MAAC tournament: Preview, prediction, TV info
One of the better mid-major leagues at the top, the MAAC has four teams that seem as equally as likely to win it.
What: Metro Atlantic Athletic Conference championship.
When: March 6, 8-10.
Where: All games played at the MassMutual Center in Springfield, Mass.
Bracket: View tournament field here.
TV: Championship game on ESPN2 (March 10, 7 p.m. ET).
Last year's champ: Iona (20-13, No. 15 seed)
What matters: The top of this league is very good at the mid-major level. The 1-4 seeds (Iona, Manhattan, Canisius and Quinnipiac) are all capable of winning this tournament -- and winning in the NCAA tournament. I recently attended a terrific Iona-Manhattan game, and afterward Manhattan coach Steve Masiello was insistent on how tough the conference is and how legit each of the top four teams are.
"I hope they all lose," Masiello said when referring to the MAAC tournament. He has no interest in playing any of them. Unfortunately, that's highly unlikely.
Iona, the top seed, is probably the best team. It's 11th in offensive efficiency on KenPom.com and has won 12 of its past 13. The Gaels' defense is lacking, but they love to get out and run and push you every possession. The Golden Griffins of Canisius have Billy Baron, a tremendous player who's capable of putting the team on his back for a big run.
Quinnipiac, which just joined the league this season, is the only group of the four that didn't lose to each of the other three. The Bobcats swept Manhattan. But the Jaspers have tremendous balance and in George Beamon an all-league player, who Masiello said will finally be 100 percent healthy for the start of this tournament.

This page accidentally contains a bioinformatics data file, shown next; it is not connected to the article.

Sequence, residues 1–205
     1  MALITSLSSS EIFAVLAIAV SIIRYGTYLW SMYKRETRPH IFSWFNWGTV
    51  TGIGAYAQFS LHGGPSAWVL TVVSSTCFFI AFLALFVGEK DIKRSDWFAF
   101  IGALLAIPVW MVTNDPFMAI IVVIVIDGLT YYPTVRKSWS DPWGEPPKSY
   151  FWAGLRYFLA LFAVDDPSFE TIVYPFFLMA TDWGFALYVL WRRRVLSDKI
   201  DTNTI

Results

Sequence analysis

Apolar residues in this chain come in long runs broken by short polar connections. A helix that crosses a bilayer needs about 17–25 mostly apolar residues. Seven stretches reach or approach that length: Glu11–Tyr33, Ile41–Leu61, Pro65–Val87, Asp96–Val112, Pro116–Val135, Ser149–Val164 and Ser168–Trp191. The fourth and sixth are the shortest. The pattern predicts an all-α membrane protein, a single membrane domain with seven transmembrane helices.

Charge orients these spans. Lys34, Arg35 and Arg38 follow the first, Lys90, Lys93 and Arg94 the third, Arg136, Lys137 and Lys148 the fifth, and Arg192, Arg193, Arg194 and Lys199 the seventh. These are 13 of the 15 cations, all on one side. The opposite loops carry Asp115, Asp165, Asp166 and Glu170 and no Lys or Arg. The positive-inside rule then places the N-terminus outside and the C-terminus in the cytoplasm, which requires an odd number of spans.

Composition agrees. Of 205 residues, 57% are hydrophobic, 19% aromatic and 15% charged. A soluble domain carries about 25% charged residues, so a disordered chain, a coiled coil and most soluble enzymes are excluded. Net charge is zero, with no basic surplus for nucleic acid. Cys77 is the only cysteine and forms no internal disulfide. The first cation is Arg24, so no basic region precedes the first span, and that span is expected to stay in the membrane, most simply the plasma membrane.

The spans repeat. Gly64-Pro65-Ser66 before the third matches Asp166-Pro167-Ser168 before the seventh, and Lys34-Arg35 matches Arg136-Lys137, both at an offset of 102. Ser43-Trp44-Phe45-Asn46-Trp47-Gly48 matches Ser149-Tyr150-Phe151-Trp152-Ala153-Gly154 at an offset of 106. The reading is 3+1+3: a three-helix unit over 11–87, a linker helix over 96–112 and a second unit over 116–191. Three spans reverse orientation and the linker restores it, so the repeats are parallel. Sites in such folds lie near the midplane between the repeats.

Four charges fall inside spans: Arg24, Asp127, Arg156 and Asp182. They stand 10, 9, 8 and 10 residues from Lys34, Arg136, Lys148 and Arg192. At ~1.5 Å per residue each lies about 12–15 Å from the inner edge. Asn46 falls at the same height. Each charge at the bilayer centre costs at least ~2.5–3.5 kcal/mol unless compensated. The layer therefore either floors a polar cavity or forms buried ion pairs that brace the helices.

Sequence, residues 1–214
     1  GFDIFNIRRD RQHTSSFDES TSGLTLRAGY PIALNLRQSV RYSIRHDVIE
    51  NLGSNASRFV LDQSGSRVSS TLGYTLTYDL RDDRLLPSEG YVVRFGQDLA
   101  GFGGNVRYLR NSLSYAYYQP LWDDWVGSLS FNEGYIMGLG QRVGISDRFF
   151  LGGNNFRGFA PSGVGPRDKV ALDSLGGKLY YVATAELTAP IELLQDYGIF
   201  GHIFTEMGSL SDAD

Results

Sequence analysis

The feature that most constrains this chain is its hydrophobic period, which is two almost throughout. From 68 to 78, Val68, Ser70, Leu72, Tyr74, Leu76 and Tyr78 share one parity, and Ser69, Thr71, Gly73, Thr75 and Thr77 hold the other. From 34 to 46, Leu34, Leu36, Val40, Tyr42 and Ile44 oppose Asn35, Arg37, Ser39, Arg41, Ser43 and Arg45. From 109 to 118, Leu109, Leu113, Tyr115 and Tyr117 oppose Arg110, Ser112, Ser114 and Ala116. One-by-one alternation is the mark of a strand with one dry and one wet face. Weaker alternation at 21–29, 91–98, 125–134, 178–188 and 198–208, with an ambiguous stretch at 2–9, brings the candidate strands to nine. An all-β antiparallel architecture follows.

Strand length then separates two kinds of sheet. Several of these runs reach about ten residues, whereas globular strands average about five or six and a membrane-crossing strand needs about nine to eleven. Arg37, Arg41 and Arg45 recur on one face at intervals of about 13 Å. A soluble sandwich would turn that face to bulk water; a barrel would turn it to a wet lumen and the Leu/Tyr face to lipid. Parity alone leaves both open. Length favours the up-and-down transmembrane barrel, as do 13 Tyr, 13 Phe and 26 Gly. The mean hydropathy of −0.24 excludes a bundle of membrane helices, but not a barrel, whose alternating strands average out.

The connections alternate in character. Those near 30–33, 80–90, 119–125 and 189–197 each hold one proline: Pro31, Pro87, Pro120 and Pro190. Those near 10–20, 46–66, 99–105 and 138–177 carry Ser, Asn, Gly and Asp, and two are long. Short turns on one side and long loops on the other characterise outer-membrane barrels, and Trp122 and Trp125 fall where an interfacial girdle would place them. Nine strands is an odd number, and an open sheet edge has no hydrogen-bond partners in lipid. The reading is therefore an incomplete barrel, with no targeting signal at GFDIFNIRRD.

Who matters: Isaiah Williams leads the conference in points per shot, averaging 1.31. He's a slender but aggressive guard who propels the offense nearly as much as his highly respected teammate, Sean Armand.
Rhamel Brown (league-leading 3.7 blocks per game) is a great centerpiece at Manhattan, and he's flanked by Beamon and Emmy Andujar. Nobody plays more than Baron at Canisius, who's averaging 39 minutes per game.
Quinnipiac is a terrific rebounding team. Ike Azotam leads the league in snares, hauling in 10.3 per game, while teammate Ousmane Drame has a 20.4 rebound percentage rate when he's on the court, which is among the best in college hoops.
Niagara, the worst team in the league (3-17) has the second-leading scorer in the country. Antoine Mason's 25.1 points per game only trails Creighton's Doug McDermott.
Fun fact: Averaging 68.8 possessions per game in league play makes the MAAC the fastest conference in college basketball. While there's no guarantee the top four seeds hold, if they do, the semifinals and finals of this league's playoff can be as good as any -- any -- in the country, from a watchability standpoint. The league is 7-32 in NCAA tournament history, the last win coming courtesy of that solid Siena team in 2009.
Prediction: Going with Manhattan, but it's like I'm drawing straws. The Jaspers are the best defensive team in the league. I love Beamon's game, and Brown in the middle is a solid force. They've also got a great deep threat in the lanky Rich Williams. The key will be starting point guard Michael Alvarado's ankle. He left the Iona game last Friday with a twist. He's got to be able to play for the Jaspers to reach their first NCAA tourney in 10 years.
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